By Howard Kurtz, ,
Published December 20, 2015
I was watching CNN the other day and unless I missed something during a bathroom break, the network did not come off the Ebola story for a single minute.
The chatter in the business is that CNN’s coverage has reached Malaysian plane levels. But in fairness, the other networks aren’t that far behind.
I’ve been grappling with this question for days: Are the media now playing an alarmist role in covering Ebola as if it were an American epidemic? Or are they carrying crucial information to a worried public?
When I see a Huffington Post banner headline blaring “FEAR SETS IN,” I think we’re scaring people. When I see doctors and health officials calmly explaining that it’s not an airborne disease, I think we’re educating people.
So here’s where I come down. For the most part, news organizations are trying to grapple with the story in a responsible way. But the sheer volume has become so deafening that it is creating a scary environment.
If Ebola wasn’t rating—if stories about the virus weren’t producing larger audiences and more clicks and circulation—the coverage would be a fraction of what it is. So while news executives may talk about their solemn duty to cover this crisis, it’s also in their financial self-interest.
Watching CNN for a few hours, I saw these banners on the screen:
ARE U.S. HOSPITALS READY FOR EBOLA?
EBOLA CASE RAISES AIR TRAVEL QUESTIONS
PATIENT WITH POSSIBLE EBOLA SYMPTOMS IN DC
CONCERN OVER INTERNATIONAL EBOLA SCREENING
And on and on and on.
Not that there aren’t a whole panoply of legitimate questions to explore. How did one victim get a visa to come here from Liberia? Why did the Dallas hospital screw things up and release the patient, and lie about what its doctors knew? What can the U.S. troops sent to West Africa accomplish? What about the role of the airlines?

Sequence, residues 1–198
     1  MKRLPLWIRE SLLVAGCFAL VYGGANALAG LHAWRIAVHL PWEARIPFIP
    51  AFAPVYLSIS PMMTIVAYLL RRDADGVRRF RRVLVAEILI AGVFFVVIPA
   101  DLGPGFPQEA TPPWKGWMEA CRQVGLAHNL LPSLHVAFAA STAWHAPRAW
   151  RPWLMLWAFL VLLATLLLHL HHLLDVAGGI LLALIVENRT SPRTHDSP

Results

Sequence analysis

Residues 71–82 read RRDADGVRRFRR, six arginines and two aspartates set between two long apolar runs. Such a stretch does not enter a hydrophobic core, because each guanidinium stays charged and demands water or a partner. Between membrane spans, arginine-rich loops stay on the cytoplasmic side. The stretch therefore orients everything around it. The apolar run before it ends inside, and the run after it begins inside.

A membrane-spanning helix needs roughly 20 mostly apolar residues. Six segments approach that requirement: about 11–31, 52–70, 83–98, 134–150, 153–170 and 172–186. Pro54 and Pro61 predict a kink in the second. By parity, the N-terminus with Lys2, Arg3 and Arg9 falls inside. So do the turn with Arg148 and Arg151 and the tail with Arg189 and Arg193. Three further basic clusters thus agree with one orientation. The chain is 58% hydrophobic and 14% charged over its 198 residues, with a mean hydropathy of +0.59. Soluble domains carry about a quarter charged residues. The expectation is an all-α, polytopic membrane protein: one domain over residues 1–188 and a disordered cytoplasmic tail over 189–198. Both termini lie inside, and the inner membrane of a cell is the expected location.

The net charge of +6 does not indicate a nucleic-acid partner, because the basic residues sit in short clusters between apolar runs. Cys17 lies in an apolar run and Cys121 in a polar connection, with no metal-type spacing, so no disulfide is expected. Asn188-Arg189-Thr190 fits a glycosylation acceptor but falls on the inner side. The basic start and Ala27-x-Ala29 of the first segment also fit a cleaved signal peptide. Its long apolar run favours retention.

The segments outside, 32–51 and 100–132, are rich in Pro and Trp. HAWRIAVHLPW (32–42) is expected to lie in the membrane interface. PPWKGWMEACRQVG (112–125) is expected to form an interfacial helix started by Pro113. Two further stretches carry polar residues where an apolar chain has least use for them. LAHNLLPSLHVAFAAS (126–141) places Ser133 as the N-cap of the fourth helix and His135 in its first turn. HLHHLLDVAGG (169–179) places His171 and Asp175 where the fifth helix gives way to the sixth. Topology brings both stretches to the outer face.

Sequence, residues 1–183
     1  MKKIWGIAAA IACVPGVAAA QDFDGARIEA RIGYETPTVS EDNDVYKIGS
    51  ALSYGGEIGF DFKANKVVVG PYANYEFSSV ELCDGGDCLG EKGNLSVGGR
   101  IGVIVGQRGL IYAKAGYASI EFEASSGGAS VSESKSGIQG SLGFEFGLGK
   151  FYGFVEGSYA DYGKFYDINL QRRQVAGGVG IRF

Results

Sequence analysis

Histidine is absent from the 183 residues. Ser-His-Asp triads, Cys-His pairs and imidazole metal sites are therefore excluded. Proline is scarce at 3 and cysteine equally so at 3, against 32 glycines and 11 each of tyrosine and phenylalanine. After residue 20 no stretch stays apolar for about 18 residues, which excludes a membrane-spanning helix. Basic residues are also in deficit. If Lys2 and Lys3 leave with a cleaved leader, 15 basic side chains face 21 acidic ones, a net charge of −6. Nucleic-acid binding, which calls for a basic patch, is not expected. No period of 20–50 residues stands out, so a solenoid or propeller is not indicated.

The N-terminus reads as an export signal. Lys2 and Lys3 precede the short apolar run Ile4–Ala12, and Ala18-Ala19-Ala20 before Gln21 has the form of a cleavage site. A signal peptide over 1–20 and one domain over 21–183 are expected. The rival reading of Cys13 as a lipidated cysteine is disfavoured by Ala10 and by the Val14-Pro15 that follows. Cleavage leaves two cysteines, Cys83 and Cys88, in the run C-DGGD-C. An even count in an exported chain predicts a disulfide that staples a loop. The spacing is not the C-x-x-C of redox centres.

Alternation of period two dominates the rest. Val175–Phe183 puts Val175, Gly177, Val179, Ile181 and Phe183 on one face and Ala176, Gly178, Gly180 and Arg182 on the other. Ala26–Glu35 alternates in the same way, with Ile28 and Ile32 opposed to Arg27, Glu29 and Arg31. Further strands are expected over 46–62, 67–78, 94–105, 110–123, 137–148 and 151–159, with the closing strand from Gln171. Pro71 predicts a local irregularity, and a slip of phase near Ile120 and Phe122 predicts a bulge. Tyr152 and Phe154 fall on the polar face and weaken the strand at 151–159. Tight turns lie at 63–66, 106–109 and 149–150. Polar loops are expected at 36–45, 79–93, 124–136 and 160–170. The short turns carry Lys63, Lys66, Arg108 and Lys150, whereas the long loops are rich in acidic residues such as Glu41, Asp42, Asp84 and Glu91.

Some pundits want to turn this into another Obama failure. That seems a tad premature, although the administration will ultimately be judged by its response to the crisis.
The story hit home for the news business when an NBC freelance cameraman contracted Ebola and had to be sent home from Africa. He was working with Dr. Nancy Snyderman, who is voluntarily quarantining herself and her crew even though they have no symptoms.
What’s ideal for cable news is that there’s a daily dose of new developments, from new cases to official press conferences, that can be covered minute by minute. There are human-interest sidebars. There is a constant barrage of questions to be posed, many without easy answers. The story is international in scope.
And above all, there are life-and-death stakes and an air of mystery. Can Ebola be stopped? Will Ebola be stopped?
As George Washington University’s Frank Sesno said on Sunday’s “MediaBuzz,” fear spreads faster than a virus, and in the media, fear sells.
None of this is meant to minimize the story’s importance or the huge public interest. At the same time, the media have crossed a line and are now milking the tragedy for what it’s worth. I think it’s time we took it down a couple of notches.